MENU

CIOs must lead from the front

August 5, 2013 • Opinion

Those who want to be CIOs of leading global companies can no longer rely on their IT experience alone, says Gartner’s Ken McGee – they need experience not only in other departments, but in other countries and cultures as well.

"Those who want to be CIOs of leading global companies can no longer rely on their IT experience alone"- Ken McGee VP & Gartner Fellow (image credit: Gartner)

“Those who want to be CIOs of leading global companies can no longer rely on their IT experience alone”- Ken McGee
VP & Gartner Fellow (image credit: Gartner)

“Every three years since 2007 we have surveyed the world’s largest professional recruiting firms, with customers among the Forbes Global 2000 list,” says McGee, who is a Vice President and Gartner Fellow. “The trend is clear: CIOs do not need to be engineers or computer science majors, although they do need to have a solid track record in IT functions. What CEOs are looking for most of all is well-rounded people who can understand business needs from having lived them, not studied them.”

“The single most prominent word in the latest round of research was ‘leadership’ – not management,” says McGee. “CEOs know that leadership is a contact sport. They want CIOs who’ve managed both IT and something other than IT; and they want people who have lived and worked outside their native countries and can think beyond the limits of their own experience.”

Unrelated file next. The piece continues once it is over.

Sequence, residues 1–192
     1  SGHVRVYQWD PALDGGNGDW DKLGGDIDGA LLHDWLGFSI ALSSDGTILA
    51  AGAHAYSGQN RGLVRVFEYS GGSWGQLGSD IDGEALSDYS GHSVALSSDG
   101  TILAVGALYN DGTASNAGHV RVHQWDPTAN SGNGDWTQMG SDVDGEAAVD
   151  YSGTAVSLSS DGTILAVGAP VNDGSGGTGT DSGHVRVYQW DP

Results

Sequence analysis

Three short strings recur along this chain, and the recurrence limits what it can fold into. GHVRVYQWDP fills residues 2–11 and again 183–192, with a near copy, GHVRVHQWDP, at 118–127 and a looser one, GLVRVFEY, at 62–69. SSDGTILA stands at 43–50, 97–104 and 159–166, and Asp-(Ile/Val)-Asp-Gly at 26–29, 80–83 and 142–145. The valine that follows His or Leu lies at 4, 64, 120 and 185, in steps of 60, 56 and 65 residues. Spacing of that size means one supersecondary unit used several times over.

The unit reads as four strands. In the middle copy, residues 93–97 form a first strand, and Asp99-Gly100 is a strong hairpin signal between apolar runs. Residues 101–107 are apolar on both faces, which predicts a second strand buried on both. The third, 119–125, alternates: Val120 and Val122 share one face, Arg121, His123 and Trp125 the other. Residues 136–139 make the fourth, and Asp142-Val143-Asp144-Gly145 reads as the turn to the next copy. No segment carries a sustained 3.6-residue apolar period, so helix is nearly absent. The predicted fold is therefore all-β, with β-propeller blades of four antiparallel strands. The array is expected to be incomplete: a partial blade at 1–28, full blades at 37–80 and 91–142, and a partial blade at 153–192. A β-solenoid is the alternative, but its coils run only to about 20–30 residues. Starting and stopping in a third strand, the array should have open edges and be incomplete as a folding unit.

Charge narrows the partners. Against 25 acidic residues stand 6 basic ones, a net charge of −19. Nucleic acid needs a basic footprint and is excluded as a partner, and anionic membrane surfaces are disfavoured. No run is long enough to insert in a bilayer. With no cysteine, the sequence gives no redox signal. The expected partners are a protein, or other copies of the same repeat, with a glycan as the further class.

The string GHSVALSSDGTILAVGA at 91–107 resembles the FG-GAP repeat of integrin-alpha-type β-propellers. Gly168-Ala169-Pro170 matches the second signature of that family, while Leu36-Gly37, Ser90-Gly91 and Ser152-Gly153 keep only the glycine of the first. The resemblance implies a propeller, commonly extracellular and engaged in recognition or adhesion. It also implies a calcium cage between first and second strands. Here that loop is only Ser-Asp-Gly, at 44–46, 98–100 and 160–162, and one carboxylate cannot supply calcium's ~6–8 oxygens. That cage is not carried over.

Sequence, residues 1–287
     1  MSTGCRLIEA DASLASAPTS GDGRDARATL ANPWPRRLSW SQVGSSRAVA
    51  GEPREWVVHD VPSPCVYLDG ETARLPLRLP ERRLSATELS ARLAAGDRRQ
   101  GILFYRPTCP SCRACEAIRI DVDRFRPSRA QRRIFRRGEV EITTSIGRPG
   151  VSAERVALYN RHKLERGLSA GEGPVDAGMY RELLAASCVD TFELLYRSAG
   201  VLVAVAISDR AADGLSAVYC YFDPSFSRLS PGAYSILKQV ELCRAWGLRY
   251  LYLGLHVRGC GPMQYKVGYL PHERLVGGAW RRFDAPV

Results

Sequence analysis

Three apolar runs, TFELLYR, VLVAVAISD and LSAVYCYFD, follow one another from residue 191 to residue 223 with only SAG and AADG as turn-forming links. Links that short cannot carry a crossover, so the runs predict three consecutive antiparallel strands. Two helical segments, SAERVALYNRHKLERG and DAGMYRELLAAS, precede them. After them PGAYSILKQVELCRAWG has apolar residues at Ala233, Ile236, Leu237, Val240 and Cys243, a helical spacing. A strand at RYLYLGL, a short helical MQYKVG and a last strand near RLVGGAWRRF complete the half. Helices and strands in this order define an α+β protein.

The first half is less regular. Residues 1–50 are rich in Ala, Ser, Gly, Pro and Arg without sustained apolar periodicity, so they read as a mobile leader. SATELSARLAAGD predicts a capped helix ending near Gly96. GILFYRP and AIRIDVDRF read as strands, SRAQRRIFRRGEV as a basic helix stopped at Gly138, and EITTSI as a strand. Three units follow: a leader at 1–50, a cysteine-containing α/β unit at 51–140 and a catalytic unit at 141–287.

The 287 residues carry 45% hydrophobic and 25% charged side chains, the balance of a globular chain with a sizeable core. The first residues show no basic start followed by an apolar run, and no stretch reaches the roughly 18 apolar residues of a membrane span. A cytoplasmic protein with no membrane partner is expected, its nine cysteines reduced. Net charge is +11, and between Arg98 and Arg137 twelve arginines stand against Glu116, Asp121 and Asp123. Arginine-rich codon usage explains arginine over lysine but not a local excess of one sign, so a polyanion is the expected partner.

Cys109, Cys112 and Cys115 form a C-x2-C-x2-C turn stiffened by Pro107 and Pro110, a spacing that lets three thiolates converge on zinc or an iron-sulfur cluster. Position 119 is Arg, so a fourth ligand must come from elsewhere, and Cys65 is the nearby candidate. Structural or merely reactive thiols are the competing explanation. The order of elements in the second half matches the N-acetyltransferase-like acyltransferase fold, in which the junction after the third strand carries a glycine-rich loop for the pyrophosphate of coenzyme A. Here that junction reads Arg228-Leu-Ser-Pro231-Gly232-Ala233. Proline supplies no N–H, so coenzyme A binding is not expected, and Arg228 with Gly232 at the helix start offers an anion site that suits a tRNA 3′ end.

McGee points out that this eliminates more than 90% of the world’s 12 million or so current IT practitioners – and provides a clear guideline for those with CIO ambitions.

“If you have a career goal of becoming the CIO of a Global 2000 company, you need to be asking yourself two questions right now,” says McGree. “First, when do I leave IT to get experience in other business functions? And second, when do I leave my home country to gain a global view?”

This shift in priorities reflects the fact that “the number one challenge for the next few years is not technology but culture,” says McGee. “CIOs need to be able to manage cultural differences between staff across national boundaries, between different business functions and between customers, the business and suppliers around the world.”

McGee will unpack further aspects of the research at the Gartner Symposium Africa, to be held at the Cape Town International Convention Centre from September 16-18. For more information, visit http://www.gartner.co.za/symp2013

Staff Writer



Related Posts

Comments are closed.

« »